Michael O. Leavitt Center for Politics & Public Service

Project Prologue


During the Leavitt Administration widespread interest developed in introducing competition in the electric industry.

In 1996, the California Public Utilities Commission and the California legislature deregulated California’s electric utilities. Unfortunately, the requirements they imposed virtually ensured failure.

For example, they mandated that the utilities divest themselves of their generation plants and prohibited rate increases for residential customers.

As a result, the utilities lost control of their costs, which skyrocketed, but could not increase rates to one of their large customer classes to recover their costs. By 2000, California’s largest utility filed bankruptcy and the California plan unraveled. The problem worsened when Enron, a large owner of generating plants in the region, withheld electric power from the market and dramatically drove up the price of power.

Enron’s market manipulations only became evident after investigation, but the upheaval caused California voters to recall Governor Gray Davis and elect actor Arnold Schwartzneggar to the governorship. California’s troubles affected the entire region, driving up costs. In response, Governor Leavitt convened an ad hoc committee chaired by Ric Campbell, director of the Division of Public Utilities, to determine what could be done to increase power supply in Utah.  The governor called together all of the state government agencies that deal with energy to cooperate in expediting the processes to bring power to the market to ensure that Utah did not share California’s fate. In the 1997 general legislative session, Representative Christine Fox sponsored H.B. 313, which created the Electrical Deregulation and Customer Choice Task Force chaired by Representative Fox and Senator Leonard Blackham to study electric deregulation. A provision of the bill suspended a Utah Power rate case the Public Service Commission had begun in order to allow the task force to do its work.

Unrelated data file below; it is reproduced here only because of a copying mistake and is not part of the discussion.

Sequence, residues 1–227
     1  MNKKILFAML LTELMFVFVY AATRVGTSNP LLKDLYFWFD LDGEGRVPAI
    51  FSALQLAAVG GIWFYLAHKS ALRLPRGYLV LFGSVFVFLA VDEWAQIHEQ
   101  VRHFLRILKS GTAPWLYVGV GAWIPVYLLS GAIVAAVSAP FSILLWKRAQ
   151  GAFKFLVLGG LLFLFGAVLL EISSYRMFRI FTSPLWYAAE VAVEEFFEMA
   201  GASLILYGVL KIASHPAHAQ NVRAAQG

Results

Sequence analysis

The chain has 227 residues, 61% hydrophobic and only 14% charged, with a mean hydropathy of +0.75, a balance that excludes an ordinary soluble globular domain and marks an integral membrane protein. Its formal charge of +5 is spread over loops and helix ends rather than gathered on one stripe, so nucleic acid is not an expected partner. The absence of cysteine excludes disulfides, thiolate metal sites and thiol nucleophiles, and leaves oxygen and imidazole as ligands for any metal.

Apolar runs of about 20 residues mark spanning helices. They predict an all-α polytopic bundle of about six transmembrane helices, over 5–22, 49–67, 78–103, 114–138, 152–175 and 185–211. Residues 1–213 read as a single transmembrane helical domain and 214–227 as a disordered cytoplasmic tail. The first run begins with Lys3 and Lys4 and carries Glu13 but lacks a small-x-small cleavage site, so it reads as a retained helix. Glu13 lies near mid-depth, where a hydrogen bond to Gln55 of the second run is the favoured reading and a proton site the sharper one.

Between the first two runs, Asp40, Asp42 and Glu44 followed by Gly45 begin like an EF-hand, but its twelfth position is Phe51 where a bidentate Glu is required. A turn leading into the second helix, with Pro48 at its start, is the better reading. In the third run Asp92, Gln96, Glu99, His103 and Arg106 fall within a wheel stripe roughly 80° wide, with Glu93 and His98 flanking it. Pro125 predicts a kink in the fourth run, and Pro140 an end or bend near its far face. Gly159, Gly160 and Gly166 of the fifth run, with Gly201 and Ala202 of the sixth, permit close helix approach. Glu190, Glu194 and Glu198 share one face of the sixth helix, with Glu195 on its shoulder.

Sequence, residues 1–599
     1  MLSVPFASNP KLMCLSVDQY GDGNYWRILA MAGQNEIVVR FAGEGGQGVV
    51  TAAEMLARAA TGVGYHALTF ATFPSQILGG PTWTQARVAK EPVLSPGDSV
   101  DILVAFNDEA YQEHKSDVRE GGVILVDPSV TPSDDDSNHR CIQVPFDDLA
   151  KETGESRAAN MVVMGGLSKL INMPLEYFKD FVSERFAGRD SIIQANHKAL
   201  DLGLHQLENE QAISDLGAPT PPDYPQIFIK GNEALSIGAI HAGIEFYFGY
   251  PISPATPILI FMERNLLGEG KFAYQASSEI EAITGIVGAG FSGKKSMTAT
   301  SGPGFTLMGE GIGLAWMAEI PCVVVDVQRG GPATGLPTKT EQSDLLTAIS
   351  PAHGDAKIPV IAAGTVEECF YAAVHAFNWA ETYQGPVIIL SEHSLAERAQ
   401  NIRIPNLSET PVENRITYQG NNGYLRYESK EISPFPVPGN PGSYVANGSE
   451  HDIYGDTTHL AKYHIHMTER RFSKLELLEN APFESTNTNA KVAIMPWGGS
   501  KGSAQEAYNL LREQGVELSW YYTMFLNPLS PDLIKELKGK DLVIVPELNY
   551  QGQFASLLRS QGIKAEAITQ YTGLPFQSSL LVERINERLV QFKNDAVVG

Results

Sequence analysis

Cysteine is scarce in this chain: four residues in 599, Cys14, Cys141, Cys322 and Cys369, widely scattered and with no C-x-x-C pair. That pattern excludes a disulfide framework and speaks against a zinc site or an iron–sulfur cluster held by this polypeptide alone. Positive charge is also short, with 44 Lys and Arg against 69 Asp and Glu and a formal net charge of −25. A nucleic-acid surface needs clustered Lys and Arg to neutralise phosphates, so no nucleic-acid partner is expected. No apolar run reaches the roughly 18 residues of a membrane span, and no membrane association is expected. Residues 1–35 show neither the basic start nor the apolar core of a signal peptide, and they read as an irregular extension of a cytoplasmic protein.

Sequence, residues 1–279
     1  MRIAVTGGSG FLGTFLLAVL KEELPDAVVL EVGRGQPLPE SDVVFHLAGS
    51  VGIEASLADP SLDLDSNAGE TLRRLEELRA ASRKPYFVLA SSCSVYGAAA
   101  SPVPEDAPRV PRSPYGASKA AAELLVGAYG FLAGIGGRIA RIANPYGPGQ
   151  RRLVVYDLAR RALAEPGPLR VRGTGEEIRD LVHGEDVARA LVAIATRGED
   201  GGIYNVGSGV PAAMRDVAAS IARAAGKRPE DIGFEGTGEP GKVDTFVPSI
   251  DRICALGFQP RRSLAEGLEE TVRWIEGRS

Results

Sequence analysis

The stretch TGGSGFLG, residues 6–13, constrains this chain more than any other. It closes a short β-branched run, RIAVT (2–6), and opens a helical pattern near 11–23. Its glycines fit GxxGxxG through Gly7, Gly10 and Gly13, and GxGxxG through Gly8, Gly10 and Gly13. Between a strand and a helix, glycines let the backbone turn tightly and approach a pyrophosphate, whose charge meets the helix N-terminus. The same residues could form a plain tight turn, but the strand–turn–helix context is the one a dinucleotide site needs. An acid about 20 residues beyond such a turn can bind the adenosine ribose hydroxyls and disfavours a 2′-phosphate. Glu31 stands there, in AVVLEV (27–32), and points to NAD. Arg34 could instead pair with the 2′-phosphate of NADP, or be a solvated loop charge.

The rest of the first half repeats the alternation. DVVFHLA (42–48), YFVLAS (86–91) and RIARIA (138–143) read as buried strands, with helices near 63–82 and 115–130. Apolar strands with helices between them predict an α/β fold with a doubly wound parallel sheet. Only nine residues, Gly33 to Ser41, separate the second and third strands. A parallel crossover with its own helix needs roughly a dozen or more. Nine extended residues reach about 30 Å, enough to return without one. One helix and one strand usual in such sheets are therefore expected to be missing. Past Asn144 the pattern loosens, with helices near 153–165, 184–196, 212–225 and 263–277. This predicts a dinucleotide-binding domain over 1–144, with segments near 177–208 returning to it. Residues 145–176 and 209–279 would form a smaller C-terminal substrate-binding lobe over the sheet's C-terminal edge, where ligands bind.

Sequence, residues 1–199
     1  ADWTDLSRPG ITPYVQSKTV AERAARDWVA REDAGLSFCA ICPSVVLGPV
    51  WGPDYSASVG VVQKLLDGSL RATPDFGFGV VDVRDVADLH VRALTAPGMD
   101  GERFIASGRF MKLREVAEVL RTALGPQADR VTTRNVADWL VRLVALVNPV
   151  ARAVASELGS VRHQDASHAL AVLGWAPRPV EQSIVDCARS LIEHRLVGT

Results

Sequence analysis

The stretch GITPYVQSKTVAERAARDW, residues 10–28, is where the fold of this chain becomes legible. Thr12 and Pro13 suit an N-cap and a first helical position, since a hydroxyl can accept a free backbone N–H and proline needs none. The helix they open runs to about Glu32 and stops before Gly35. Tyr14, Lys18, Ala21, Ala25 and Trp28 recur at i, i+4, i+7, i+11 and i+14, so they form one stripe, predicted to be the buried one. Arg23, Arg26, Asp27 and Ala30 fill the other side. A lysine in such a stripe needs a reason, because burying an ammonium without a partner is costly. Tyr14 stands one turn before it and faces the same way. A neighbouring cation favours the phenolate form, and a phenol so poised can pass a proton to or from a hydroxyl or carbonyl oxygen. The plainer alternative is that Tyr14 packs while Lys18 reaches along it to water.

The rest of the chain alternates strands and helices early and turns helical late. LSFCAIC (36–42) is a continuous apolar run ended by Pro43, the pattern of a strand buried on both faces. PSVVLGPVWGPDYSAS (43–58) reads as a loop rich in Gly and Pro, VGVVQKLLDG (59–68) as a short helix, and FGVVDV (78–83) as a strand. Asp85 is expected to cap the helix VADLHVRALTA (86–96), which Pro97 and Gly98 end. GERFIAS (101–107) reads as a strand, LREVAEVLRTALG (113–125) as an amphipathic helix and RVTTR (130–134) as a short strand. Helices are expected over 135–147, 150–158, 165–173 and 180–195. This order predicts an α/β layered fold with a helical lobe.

Suspended rate case to allow task force to study issue The suspension lifted 60 days following the 1998 general session and the PSC rolled in rates among all states resulting in significant rate reduction.  Scottish Power merger with PacifiCorp in November 1999.

Michael O. Leavitt Center for Politics and Public Service